“The whole intention of it is to bring this out of the lab and into the community,” Carter said. “Our goal at our company is to harness these discoveries to help people, and one of the ways that we’re doing so is by treating some of the most common and deadly diseases in the world.”

Sheffield also emphasized the importance of medical companies in the science field.

“It’s so important to take scientific discoveries that are found in an academic setting and take them to treatment, and academics isn’t very good at doing that,” he said.

The team is now working to discover the best method to deliver the treatment to patients as they prepare to start clinical trials in about a year. Carter said he’s talked to many people in the community with Type 2 diabetes to see what would be the most convenient treatment form for them.

Right now, the most likely treatment will consist of some kind of apparatus built around a patient’s bed so they can be treated while they sleep. He explained this treatment method is much more feasible than taking several medications and insulin injections every day.

“There’s a lot of good diabetes treatments,” Carter said. “The challenge is that all of them have limitations. In an ideal world, what this technology allows is for somebody, essentially, to use a remote control to change how somebody’s body processes sugar.”

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Having experienced the difficulty of these cumbersome diabetes treatments in her family, Huang said the new magnetic field treatment would take a huge weight off of patients.

“I actually have a lot of family members who suffer from Type 2 diabetes, and I saw them struggling with doing their insulin injections and remembering to take pills,” she said. “I think that was really a huge motivator to find ways that are easier, that fit into patients’ lifestyles better, because I saw firsthand how difficult it is to keep to your regimen.”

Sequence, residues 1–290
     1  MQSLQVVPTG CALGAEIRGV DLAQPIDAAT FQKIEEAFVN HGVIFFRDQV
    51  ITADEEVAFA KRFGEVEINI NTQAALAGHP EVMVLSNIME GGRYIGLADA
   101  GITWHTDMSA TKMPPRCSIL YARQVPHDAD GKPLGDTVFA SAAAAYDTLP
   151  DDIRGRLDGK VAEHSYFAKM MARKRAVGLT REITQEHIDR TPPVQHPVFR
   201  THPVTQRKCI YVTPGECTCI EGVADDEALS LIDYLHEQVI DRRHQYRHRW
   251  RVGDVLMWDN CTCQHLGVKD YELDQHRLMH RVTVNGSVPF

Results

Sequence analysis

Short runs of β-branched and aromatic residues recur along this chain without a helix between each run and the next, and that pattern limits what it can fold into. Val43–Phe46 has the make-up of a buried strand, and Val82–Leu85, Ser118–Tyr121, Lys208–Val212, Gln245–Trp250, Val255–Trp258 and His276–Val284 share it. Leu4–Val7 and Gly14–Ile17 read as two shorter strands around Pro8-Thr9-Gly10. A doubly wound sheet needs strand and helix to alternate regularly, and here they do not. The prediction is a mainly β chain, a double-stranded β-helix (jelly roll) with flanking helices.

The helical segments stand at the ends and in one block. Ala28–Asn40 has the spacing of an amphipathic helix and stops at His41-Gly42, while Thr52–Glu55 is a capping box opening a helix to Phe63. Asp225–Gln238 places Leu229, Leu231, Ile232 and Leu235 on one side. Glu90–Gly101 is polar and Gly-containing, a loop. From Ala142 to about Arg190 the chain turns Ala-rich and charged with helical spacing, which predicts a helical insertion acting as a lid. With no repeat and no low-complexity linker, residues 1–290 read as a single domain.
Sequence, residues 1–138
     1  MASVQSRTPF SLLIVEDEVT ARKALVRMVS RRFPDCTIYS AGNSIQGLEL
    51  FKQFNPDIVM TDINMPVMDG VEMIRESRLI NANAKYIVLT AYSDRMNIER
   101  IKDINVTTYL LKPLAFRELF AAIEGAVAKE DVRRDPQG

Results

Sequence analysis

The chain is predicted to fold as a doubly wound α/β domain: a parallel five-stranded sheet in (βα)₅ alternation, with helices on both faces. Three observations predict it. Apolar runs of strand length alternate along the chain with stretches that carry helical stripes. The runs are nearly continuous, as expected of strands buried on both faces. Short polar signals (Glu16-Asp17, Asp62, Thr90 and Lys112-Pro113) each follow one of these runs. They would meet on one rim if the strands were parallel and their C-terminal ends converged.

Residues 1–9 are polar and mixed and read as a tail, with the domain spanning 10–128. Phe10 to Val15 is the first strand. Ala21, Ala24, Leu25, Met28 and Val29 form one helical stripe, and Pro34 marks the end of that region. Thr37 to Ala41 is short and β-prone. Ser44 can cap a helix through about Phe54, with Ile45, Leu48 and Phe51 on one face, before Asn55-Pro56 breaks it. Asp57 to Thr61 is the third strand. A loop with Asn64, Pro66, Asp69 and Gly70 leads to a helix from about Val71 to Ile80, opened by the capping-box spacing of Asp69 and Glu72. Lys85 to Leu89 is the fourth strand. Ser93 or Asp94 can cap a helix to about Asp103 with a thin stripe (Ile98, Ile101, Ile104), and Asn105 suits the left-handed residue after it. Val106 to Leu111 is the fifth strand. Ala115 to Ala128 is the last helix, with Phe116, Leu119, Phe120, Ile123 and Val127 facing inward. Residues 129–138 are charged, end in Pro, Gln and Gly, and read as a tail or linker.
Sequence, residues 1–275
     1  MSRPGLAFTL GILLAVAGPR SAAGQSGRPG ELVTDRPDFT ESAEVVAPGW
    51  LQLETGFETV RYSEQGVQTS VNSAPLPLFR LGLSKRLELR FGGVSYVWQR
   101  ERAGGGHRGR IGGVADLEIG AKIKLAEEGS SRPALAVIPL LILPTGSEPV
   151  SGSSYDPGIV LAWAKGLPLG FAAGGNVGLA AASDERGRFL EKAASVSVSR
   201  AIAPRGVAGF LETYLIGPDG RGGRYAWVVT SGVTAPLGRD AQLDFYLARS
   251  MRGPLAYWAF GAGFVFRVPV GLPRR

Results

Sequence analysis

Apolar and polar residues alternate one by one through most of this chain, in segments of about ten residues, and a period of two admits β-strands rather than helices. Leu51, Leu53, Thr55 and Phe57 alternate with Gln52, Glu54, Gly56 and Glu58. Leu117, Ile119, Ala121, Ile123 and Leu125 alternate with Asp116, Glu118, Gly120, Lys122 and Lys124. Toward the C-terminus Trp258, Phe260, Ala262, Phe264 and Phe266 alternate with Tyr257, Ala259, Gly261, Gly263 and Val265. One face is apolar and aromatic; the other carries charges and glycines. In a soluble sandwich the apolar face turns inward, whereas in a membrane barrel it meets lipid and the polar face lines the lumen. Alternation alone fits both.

According to Sheffield, magnetic fields may eventually be able to treat other diseases like cancer and Alzheimer’s. Similar to BBS, these diseases deal with the same issue of cells having too much oxygen, and the magnetic fields reduce the oxygen in cells. Sheffield said the team just needs to find out why that is.

Until then, he said he’s looking forward to seeing the team’s findings have a real-world effect.

“At this point, we really haven’t helped anybody with this,” he said. “We’ve helped some mice, but the goal is to help people.”

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About the Contributors
Grace Olson
Grace Olson, News Reporter
Grace Olson is a first-year student at the University of Iowa majoring in Journalism and Mass Communications. She's a news reporter for The DI, reporting primarily on local government. She is from Denver, Colorado and worked on the pirnt publication from her high school prior to her work in college.
Shuntaro Kawasaki
Shuntaro Kawasaki, Photojournalist
Shuntaro Kawasaki is a fourth-year student at the University of Iowa majoring in Neuroscience with a minor in Chemistry and Cinema. Outside of The Daily Iowan, Shuntaro has interned at the Carver College of Medicine, writing a research paper.